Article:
Luxury cars have a heavy depreciation because owners are likely to change them when they become obsolete and used car buyers don't want to pay a high premium for an outdated model. In addition, its maintenance is costly and the high cost of ownership affects the resale value. Another reason why luxury cars depreciate much faster than regular cars is due to reliability and maintenance issues. We rank the fastest depreciating luxury cars based on the amount of value they lose in the first five years of ownership.
Yes, luxury cars depreciate faster and there are several reasons behind this as well. These cars are generally owned by rich people and the one who can afford a new car will surely not buy the old and obsolete model. After that, most cars continue to depreciate 15-25% per year, but some cars lose value much faster than others. This is another factor that contributes greatly to the sharp depreciation of luxury vehicles: used buyers must be able to purchase these cars at a price where they can maintain and repair them economically.
So now you know why luxury cars depreciate so quickly. There is not one but many reasons behind it and it is difficult to say that a particular reason affects this the most. If you're an expert car buyer, you know that buying an “almost new” car is the best value for money. Just because your used luxury car has lost 50, 60, or 70% of its value since it was new, doesn't mean that running costs have dropped (in fact, running costs could worsen once you get out of the warranty period).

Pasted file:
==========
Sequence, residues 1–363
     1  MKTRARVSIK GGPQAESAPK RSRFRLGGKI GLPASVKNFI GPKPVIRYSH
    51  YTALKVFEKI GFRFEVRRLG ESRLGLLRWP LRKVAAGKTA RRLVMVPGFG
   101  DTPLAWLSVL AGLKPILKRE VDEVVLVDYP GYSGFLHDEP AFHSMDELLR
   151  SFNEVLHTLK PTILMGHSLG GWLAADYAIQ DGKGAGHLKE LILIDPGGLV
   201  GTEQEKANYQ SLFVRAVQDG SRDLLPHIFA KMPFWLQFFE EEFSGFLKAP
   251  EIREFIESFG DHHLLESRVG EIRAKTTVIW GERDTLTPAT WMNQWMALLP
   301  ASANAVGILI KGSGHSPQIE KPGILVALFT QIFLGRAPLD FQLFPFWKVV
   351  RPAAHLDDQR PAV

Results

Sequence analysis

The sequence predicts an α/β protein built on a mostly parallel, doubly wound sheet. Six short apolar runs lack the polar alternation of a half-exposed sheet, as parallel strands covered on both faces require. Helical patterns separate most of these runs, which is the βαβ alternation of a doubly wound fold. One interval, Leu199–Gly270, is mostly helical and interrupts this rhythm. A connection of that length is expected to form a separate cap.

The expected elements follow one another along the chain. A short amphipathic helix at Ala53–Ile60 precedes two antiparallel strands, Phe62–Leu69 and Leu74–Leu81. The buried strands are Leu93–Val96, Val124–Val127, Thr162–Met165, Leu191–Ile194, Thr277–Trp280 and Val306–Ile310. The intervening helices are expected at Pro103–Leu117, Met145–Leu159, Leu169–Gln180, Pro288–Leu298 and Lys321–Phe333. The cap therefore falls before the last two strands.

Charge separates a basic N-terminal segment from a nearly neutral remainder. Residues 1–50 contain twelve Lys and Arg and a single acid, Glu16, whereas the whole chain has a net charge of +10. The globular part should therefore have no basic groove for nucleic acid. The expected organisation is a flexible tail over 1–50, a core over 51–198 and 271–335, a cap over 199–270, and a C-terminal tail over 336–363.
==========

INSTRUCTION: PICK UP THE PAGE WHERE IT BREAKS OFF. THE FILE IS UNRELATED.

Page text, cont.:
The sharp depreciation is one of the reasons you can often buy used and old luxury cars for pennies on the dollar (compared to the original purchase price) years later. However, having benefited (and suffered) from cheap and heavily depreciated luxury vehicles on several occasions, we felt qualified to analyze the pros and cons of this type of car purchase. Whether or not this inflated premium is worth the extra money depends on your perception of value, considering how many people buy new luxury cars, there are clearly a lot of us out there who see the extra cost being worth it. This means that there is often an excess of used luxury cars around three years old, which puts downward pressure on values.
According to that Cartelligent article, luxury cars are rented frequently, which means that the duration of ownership is lower than average and a higher turnover in the used market. Understanding vehicle depreciation is an important factor in helping buyers of new and used cars make an informed decision to purchase cars from the dealership. You're paying an exaggerated price for prestige and luxury (especially when you consider how good basic new cars are in terms of current features). Here are 10 luxury cars with steeper depreciation curves than any of their counterparts, measured by the amount of value they lose over the course of the first five years of ownership.
iSeeCars ranked the depreciation of mid-size luxury cars relative to the segment average, which is 53.6 percent. iSeeCars ranked the depreciation of small compact and subcompact cars relative to the segment average, which is 36.3 percent.